Originally created 09/29/03

College adds 5 new majors

SAVANNAH, Ga. - When students began the fall quarter at Savannah College of Art and Design last week, they discovered five new majors, four freshly renovated buildings and an inaugural e-learning program.

All five majors have been added within the School of Film and Digital Media, which officially opened in 2002 and is home to some of the college's fastest-growing programs.

The computer art program has nearly doubled its enrollment since 2000, prompting the addition of majors in animation, broadcast design, interactive design/game development, visual effects and sound design.

"The new majors will take computer art students and give them a stronger computer art foundation," said Eric Ruggiero, the chairman of the college's new broadcast design department.

The college's expanding computer art program is part of a larger national trend in art education.

"Computer art is booming nationwide," said Cindy Wallace, an assistant professor of art at Georgia Southern University in Statesboro.

Ms. Wallace explains that higher starting salaries are part of the draw for college students. She estimates that a recent college graduate with a degree in a computer art field can easily earn $45,000 or more in a city such as Atlanta or New York.

"It's a very competitive job market," she said. "But the pay level is so high, particularly compared to many other art-related fields."

Many graduates have found that computer art majors have led to jobs with top companies.

Laurence Plotkin, the director of human resources and recruitment at Digital Domain, a Los Angeles visual-effects company, said he has hired a number of the school's digital media graduates over the past several years.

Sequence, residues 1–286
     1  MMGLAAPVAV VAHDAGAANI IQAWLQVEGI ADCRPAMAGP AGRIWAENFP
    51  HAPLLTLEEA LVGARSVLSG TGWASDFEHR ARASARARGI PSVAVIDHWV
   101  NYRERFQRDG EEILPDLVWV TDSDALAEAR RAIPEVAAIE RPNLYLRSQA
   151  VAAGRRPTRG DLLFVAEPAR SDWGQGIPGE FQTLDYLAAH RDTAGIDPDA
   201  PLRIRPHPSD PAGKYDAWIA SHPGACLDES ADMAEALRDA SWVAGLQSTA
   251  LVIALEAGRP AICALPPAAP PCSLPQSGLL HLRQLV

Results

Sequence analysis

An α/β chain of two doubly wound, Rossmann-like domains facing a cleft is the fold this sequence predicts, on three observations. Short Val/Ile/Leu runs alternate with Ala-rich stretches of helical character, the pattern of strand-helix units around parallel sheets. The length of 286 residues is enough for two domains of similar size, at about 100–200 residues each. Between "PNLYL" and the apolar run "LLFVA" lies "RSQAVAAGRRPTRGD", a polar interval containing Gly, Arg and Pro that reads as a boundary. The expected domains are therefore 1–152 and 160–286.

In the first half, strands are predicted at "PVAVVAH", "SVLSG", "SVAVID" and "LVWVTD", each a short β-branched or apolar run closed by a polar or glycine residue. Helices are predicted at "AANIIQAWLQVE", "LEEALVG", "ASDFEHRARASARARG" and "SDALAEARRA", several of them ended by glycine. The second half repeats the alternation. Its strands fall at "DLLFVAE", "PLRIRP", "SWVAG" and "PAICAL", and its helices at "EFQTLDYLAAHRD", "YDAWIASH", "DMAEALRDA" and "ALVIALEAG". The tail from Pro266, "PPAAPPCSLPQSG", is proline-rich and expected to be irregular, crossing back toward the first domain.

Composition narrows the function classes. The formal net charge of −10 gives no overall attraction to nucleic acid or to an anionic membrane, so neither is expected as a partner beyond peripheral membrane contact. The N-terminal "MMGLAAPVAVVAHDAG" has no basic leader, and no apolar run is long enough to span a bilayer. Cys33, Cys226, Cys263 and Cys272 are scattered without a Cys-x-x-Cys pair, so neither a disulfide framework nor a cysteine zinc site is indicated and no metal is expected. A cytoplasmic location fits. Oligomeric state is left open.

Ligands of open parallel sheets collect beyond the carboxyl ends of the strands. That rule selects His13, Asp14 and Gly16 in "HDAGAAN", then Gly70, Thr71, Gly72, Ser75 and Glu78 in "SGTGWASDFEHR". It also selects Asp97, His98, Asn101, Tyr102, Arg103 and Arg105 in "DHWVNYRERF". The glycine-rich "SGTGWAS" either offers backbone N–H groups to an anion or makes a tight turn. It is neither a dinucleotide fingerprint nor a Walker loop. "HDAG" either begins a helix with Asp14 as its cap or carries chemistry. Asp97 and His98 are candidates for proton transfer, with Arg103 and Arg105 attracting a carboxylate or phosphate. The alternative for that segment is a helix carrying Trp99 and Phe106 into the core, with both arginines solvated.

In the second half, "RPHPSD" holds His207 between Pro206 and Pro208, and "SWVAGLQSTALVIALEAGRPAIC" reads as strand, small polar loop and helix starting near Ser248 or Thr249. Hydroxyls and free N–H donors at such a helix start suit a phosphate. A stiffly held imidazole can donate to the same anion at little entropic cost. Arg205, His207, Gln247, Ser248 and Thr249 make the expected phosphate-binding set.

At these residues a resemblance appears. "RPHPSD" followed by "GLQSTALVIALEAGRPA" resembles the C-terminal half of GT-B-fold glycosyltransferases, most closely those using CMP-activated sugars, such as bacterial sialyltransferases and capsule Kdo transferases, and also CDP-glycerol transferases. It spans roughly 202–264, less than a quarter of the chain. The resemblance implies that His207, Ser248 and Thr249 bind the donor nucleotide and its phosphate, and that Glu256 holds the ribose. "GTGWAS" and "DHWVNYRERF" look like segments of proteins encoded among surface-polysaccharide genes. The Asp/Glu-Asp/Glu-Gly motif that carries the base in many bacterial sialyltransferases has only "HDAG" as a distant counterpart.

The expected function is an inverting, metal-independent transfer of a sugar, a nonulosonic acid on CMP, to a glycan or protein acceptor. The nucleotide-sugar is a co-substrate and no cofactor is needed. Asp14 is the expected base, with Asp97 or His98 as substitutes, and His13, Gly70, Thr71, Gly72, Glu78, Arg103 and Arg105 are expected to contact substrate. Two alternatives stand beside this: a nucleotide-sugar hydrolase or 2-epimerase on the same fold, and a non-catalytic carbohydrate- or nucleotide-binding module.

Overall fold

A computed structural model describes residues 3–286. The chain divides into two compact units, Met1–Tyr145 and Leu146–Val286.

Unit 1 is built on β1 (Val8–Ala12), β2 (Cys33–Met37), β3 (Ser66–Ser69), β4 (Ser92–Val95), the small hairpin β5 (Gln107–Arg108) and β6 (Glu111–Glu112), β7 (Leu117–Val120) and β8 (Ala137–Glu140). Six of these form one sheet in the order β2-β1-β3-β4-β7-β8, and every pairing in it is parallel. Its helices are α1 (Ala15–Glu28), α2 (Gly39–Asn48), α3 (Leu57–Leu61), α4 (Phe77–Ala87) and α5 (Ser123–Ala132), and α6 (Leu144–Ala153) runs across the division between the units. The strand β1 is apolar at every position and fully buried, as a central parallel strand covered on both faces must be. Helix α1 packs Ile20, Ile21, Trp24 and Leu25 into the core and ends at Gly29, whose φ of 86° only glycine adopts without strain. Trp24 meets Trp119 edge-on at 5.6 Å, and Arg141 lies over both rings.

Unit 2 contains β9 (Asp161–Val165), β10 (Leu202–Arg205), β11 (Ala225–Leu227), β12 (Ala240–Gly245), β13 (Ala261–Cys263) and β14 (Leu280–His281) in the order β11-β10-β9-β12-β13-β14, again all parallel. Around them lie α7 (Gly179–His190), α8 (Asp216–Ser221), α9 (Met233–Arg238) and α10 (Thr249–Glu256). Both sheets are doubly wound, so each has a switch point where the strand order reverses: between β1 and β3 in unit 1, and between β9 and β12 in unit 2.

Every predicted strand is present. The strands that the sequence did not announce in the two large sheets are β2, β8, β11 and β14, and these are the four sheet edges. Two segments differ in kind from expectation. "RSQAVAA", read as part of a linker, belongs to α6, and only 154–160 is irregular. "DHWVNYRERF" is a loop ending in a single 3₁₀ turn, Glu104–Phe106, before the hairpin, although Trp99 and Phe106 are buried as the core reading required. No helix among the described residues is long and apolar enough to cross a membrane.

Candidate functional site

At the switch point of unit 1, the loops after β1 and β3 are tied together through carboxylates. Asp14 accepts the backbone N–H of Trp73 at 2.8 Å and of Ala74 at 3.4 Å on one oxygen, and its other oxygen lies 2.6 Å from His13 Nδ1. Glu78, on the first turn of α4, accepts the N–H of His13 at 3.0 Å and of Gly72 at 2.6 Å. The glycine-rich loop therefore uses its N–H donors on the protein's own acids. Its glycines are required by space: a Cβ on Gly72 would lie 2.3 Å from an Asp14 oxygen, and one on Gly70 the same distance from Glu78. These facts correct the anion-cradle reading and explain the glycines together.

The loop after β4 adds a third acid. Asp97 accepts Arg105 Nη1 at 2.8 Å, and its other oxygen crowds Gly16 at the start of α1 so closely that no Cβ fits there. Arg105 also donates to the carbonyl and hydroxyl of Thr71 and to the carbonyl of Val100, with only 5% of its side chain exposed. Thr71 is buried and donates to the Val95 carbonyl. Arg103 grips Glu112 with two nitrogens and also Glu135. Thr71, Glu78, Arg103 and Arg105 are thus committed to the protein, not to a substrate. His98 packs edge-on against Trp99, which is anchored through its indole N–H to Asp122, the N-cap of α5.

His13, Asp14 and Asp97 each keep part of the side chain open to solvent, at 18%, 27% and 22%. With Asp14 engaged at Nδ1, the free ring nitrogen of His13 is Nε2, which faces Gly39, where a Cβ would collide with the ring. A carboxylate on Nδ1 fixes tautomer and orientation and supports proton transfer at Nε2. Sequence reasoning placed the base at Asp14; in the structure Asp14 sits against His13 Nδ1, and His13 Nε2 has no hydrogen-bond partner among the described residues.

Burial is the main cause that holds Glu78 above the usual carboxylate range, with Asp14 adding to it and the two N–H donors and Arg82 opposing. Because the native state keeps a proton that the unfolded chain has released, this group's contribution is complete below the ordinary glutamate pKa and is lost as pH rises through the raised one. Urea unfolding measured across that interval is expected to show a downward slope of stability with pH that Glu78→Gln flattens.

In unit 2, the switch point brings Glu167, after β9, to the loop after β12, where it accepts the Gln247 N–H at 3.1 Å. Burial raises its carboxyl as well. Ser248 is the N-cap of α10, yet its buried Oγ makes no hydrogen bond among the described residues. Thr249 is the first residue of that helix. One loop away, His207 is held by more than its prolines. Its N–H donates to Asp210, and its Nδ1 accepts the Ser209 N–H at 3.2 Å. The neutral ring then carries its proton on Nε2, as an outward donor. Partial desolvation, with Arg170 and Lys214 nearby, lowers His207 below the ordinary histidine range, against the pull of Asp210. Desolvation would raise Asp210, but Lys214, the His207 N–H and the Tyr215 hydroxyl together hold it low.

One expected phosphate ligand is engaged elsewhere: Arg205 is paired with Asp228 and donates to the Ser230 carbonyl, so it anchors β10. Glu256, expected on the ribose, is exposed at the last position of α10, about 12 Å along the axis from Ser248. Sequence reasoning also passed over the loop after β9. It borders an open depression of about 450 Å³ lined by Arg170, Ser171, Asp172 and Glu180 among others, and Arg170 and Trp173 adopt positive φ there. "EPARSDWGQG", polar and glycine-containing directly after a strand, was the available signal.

"When Digital Domain is gearing up for a large project, we look to graduates of SCAD as our ideal entry-level candidates," he said. "Generally, the top students graduate production-ready and possess strong artistic, technical and problem-solving skills."

Four new buildings will provide additional space for classrooms, artist studios and administrative offices, helping the college meet the needs of more than 6,000 students and more than 1,000 faculty and staff.

They include a former correctional facility that has been converted into student housing, called Gordon Hall, and a one-time warehouse that has found new life as the Gulfstream Center for Industrial and Furniture Design.

The new e-learning program provides online education to students seeking a professional certificate or a master's degree.

The program, which features the nation's only online master of arts degree in historic preservation, offers the opportunity to earn a certificate in digital publishing; a graduate certificate in digital publishing management; a graduate certificate in historic preservation; or a graduate certificate in interactive design.

An master of arts in graphic design also is available.

"Only 20 percent of SCAD students come from Georgia," said Pamela Poetter, the vice president for admission and communications. "So with 80 percent outside the state and 10 percent of the total student body from outside the U.S., the need is there to deliver course content online."

Students taking online courses have clearly defined starting and ending dates but are able to complete their course work according to their own schedules.

Online courses are being offered in art history, film and television, foundation studies, general education, graphic design, historic preservation, illustration, interactive design and photography.

"We plan to develop more and more online materials and courses," Ms. Poetter said, "adding new areas not currently offered by traditional courses."

"Only 20 percent of SCAD students come from Georgia. So with 80 percent outside the state and 10 percent of the total student body from outside the U.S., the need is there to deliver course content online."

- Pamela Poetter, Savannah College of Art and Design's vice president for admission and communications


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